Monday, June 25, 2018

How Are Medical Negligence Compensation Claims Changing?

During the country’s recent past, it has been notably commented on that a popular culture of compensation claims is developing in the UK.

In the heavily media-saturated world that we live in, it is hard to ignore the numerous adverts popping up on the radio, television and social media channels, promoting legal firms that work solely in that area and are living proof of the growth occurring in this sector.

Due to the steadily increasing number of cases that require legal aid for compensation, the Government recently began the process of seeking a review into the laws that currently uphold medical negligence issues.

This increasingly important review perfectly demonstrated the start of a complete refresh and overhaul of the systems in place, which will inevitably involve making changes to the legal definition of negligent actions. Not only that, but the way in which compensation claims are made and processed will require a refresh.

Here is a bite-sized breakdown of what you can expect to find when placing a compensation claim in the foreseeable future.

Governmental Review

Earlier this year Jeremy Hunt, Health Secretary issued the need for the imminent review of the issues that are covered under the umbrella of medical negligence and malpractice.

This review followed the case of Dr Hadiza Bawa-Garba, who was deregistered following the case of malpractice which lead to the death of a young boy who was in her care.

The news attracted wide-spread attention and concern was expressed by Hunt that the NHS is stretched-thin and as a direct result, its staff are buckling under the mounting pressure.

A number of factors are coming into play with this issue, including the extensive working hours, shortage of staff and the funding cuts that we are becoming all too used to seeing of late.

It has also been suggested that now, more than ever, the threat of such weighty consequences for medical staff is stopping them from seeking help when they are in need of it.

It is clear that there is fear amongst the current medical professionals and as a direct result of this, there is concern that medics will suffer alone, rather than facing the possible and very real chance of having their careers and livelihood removed from them.

The Numbers

There is a unification in the knowledge of the public at present that truly highlights the rising picture of compensation claims, backed-up by the cold hard facts found in an array of independent surveys.

Between the five-year period of 2008 to 2013, there was a dramatic increase in individuals seeking compensation in cases of medical negligence by 80%. This is complemented by the fact that between 2012 and 2013 there was a 20% rise recorded; with figures such as these it is evident that stringent rules need to be in place moving forward.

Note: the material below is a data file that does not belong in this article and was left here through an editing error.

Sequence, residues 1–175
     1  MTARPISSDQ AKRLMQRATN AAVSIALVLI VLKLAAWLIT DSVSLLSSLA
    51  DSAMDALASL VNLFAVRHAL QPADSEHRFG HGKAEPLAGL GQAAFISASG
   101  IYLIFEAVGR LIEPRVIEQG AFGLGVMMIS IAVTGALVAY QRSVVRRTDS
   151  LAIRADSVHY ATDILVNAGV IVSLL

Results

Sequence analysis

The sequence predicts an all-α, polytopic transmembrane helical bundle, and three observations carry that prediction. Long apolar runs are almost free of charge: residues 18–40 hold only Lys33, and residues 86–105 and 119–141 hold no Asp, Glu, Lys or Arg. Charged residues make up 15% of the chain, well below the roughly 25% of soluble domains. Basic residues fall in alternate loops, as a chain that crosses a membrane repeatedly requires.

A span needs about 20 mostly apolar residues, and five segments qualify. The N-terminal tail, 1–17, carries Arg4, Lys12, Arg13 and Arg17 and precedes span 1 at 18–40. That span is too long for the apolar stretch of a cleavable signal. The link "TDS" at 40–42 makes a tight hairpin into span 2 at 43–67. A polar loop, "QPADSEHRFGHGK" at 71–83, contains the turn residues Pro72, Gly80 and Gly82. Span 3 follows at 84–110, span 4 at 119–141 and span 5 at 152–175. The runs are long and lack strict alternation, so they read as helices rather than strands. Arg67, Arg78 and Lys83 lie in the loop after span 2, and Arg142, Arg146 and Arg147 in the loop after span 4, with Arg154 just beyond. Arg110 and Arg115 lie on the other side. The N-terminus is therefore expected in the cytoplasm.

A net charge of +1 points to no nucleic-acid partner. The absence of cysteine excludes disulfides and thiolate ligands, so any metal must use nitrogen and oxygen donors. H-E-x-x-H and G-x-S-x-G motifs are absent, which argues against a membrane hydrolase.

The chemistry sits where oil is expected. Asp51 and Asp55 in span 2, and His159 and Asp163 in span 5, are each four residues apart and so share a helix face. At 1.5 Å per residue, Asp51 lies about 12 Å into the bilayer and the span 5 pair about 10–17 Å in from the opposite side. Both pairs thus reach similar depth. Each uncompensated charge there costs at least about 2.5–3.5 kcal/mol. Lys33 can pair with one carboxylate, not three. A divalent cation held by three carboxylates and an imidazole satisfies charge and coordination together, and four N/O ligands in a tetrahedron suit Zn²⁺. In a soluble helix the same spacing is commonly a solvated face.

There has been particular concern raised within the NHS, after the release of new figures by the NHS Litigation Authority. This research demonstrated the findings from 2015-2016 was showing record highs of compensation awarded through medical negligence, which subsequently resulted in the NHS providing £1.4 billion to patients and families. The span of medical negligence can run across a wide spectrum of ages and situations, for example issues caused within childbirth. It is with circumstances such as these that the requirement for stringent laws, as well as fair studies of the situation becomes paramount.

It is also important to note that the previous years findings showed another £1 million in pay-outs, which cements the findings and the theory that medical negligence claims are on the up.

Impact on Claims

With such change and uncertainty, it is understandable that both organisations and the medical professionals within them are fearful for the UK’s future medical offerings, without detracting from the service they provide.

Rising costs of care are at the forefront of almost everyone’s minds at present, especially medical professionals, and this is then compounded by the ever-increasing amounts of compensation claims and pay-outs.

It is important to note here that these thoughts and fears are not to say that the abolishment of compensation is being condoned, but instead the realisation that changes need to be made to the relevant laws has come to the fore. These decisions currently lay with leaders of the British Medical Association, Academy of Medical Royal Colleges and NHS Confederation.

The current reforms could lead to a change in laws that ensure the amount of money paid out to victims of medical negligence is set by varying boundaries, with more information made available regarding how to make a claim for medical negligence.

At present changes are being made to a wide variety of legislations across the compensation claims sector, for example those involving whiplash. Victims have found that the amount they are able to claim varies on the severity and incident and therefore the number awardable is capped. It is reforms such as these that may provide part of the answer to the issues seen within the NHS at present, while also setting a precedent for future medical negligence issues.

What Now?

With the cost of medical negligence claims set to at least double by 2023, the need for change is critical and while the combination of medical, legal and public bodies are in discussions, the time zone we are faced with is precarious at present.

For the legal side of things, it is important to begin making preparations for change. It looks increasingly likely that future claims will be capped, which will imminently affect the service that legal teams are able to offer to clients.

Keep an eye on the Government at present, as changes are in motion and only time will tell when it comes to the changes and reforms we will see and how they will impact those in need in the future.

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